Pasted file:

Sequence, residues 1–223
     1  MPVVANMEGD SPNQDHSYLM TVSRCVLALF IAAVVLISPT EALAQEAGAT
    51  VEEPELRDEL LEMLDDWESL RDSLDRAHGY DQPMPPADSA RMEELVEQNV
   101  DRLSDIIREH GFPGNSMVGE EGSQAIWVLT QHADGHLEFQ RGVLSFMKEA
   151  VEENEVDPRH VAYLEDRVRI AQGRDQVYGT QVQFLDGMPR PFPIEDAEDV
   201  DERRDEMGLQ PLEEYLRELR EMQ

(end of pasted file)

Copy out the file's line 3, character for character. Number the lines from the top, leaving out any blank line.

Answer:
    51  VEEPELRDEL LEMLDDWESL RDSLDRAHGY DQPMPPADSA RMEELVEQNV